Reflective learning in and through the group
It turns out it was one the boys will not forget either. On the way home from the training session that evening every single player made a choice to travel as a group. This was the first time these 10 boys had left a football pitch as one and not dispersed to make separate journeys in different directions and at different speeds. I spent a moment thinking together with this group of boys about the experience of creating their team and their game strategy together. One of them said ‘yeah, we have a squad now’, another ‘it was hard but now I feel like we can play together’, another ‘I didn’t want to do it. It was long. But yeah I think it was good. Yeah.’ Another said ‘it feels more equal’. Really, the way they were with each other since this activity spoke louder than any of their words.
The next day they played their game strategy in an 11-a-side game, won 8-4 and for the first time in 2 years played for an entire 90 minutes without making a negative comment to a team mate that made a mistake. On the journey home from that game, I heard one pair say to each other ‘I think I know what was different, it was because we did that team sheet thing yesterday’.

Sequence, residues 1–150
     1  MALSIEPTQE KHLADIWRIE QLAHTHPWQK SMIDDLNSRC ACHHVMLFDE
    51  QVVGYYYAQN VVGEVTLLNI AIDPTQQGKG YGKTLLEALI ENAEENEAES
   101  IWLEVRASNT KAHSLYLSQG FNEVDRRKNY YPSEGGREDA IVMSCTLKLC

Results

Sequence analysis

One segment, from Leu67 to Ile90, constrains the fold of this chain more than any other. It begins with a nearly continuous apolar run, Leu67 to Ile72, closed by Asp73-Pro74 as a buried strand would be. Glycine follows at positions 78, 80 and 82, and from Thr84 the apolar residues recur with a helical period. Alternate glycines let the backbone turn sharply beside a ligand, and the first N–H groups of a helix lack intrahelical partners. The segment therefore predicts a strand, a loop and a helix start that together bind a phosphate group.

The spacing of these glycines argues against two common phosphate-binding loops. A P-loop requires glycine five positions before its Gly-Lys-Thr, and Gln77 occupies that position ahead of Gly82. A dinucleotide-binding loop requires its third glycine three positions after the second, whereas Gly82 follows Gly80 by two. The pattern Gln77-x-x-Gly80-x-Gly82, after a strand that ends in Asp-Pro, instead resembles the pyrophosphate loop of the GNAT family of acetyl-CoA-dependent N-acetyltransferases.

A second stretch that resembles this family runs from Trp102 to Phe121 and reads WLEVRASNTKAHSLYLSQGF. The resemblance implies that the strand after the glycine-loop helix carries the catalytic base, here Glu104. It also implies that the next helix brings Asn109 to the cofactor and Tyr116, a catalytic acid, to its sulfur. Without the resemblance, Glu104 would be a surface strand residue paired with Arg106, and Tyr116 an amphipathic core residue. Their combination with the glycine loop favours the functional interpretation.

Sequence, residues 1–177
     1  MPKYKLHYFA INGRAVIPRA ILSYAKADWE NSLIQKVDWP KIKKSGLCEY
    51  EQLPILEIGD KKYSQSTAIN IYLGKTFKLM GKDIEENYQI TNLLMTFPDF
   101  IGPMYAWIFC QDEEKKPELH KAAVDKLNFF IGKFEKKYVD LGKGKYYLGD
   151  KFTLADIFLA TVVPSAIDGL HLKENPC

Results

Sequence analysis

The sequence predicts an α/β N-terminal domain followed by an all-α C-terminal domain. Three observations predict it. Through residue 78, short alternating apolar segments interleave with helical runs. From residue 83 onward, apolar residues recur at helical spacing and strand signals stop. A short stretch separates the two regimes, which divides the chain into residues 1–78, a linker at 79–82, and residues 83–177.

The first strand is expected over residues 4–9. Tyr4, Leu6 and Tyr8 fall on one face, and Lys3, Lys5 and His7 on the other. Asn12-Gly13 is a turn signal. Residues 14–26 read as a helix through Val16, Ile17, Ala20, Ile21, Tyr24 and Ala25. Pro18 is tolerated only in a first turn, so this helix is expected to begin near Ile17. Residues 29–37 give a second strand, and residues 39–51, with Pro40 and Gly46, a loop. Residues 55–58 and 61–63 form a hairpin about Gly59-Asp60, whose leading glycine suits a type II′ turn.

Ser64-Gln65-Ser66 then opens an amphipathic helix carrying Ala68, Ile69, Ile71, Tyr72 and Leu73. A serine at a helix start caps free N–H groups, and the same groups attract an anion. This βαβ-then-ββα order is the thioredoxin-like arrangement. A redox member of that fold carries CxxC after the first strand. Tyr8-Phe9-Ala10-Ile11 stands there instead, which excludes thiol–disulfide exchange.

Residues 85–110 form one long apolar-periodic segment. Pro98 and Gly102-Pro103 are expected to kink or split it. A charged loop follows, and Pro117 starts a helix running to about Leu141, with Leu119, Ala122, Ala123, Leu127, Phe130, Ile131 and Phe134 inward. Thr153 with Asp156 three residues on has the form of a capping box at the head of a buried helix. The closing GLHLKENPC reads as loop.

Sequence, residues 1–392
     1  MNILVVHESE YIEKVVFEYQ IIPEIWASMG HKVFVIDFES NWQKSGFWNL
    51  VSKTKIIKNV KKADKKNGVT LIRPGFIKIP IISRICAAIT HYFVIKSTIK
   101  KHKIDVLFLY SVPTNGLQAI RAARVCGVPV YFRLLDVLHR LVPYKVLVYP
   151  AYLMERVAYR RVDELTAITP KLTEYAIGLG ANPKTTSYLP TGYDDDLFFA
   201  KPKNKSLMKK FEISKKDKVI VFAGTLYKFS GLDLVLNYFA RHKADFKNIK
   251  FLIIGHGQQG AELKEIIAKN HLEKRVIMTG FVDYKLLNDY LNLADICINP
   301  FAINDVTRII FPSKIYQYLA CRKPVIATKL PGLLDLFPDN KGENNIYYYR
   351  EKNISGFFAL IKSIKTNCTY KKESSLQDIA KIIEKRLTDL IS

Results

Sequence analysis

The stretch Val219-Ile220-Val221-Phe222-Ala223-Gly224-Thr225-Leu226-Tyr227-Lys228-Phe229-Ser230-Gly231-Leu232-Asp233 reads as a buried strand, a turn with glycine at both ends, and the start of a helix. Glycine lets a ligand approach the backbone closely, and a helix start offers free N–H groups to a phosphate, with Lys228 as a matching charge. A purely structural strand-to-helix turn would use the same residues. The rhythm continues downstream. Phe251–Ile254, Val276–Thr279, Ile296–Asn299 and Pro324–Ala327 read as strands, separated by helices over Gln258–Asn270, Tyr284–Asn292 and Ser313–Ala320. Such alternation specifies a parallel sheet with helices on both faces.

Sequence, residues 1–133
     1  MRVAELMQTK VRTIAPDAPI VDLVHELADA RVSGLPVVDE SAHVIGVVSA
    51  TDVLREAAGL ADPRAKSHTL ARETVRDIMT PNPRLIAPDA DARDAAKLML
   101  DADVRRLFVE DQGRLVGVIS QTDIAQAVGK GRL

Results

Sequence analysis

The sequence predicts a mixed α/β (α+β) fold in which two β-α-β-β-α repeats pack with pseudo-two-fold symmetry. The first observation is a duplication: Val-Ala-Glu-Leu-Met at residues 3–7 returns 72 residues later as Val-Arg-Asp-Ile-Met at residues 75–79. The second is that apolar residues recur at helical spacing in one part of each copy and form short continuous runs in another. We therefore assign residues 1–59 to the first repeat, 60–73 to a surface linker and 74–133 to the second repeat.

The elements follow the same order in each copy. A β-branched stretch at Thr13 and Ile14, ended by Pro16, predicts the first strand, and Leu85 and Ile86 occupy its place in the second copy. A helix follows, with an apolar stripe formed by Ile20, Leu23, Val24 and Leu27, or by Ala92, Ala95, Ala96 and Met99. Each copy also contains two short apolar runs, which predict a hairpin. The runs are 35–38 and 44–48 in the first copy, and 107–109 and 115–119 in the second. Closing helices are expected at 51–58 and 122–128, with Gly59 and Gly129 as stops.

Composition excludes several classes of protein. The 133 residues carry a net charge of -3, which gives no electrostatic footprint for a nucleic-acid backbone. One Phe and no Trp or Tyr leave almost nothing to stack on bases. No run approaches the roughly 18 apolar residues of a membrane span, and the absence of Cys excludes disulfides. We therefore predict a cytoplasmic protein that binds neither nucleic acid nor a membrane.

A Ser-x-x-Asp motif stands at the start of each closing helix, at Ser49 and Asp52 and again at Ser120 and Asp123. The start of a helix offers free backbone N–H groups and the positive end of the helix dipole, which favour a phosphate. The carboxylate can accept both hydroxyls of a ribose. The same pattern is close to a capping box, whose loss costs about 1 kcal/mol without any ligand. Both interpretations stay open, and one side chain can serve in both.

So what did I take from this?
Social pedagogy is not about best practice – it is about better practice. Encouraging us to reflect, to look for ways to improve our work and sit with the discomfort of stepping back, to allow group processes and learning leads to better outcomes for young people and these are the outcomes that really matter. It reminds me of something of which I am becoming increasingly aware – the activity in itself may have wide ranging benefits, but it is also very powerful at being the vehicle within which relationships are formed (in this case between young people themselves) and in which learning takes place. It reminds me that while outputs, such as the number of football sessions run, are important, they are tangible and help us to be accountable and demonstrate value; what really matters for young people are outcomes. As practitioners, we have a responsibility to ensure that our practice is always creating opportunities for learning and relational development that contribute to these important outcomes.